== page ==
The purpose of this qualitative study was to investigate how the interactions that take place between therapy dogs and children during literacy activities change children's attitudes towards reading in one urban charter school. The research drew on both the sociocultural approach to literacy theory and symbolic interactionism to gain insights about how therapy dogs can shape children's literacy practices, specifically reading. Data collection included a series of semi-structured interviews and participant observation. Data analysis and interpretive procedures followed a grounded theory approach aimed at understanding how participants make sense of the therapy dogs' influence on children's literacy practices. Findings supported the extant literature that acknowledges a correlation between therapy dogs and reading development. However, from this study we learn the interactions between therapy dogs and children during literacy activities promotes more than literacy learning; therapy dogs also provide children with emotional support, facilitate positive social interactions, and shape student behavior. Research implications reinforce the need for more innovative approaches to literacy education, specifically a need for programs that acknowledge being literate is more than having the ability to read and write.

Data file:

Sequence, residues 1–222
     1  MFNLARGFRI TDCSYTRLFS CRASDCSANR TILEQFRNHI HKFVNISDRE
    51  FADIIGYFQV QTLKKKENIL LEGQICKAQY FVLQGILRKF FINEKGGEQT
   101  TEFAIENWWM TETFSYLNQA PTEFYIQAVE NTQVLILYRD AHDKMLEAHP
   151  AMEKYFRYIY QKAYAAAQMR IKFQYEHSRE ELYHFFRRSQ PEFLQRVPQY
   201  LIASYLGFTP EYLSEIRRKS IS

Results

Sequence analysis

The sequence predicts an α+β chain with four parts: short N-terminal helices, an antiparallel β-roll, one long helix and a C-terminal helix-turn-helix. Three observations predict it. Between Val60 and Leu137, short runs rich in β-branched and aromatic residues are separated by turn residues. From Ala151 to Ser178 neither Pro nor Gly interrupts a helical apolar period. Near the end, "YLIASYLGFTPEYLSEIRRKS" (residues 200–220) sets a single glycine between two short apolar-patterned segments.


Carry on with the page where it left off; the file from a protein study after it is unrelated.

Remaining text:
Mason N McLary
|Publisher||University of Rochester|
|Location of Publication||Rochester, New York|
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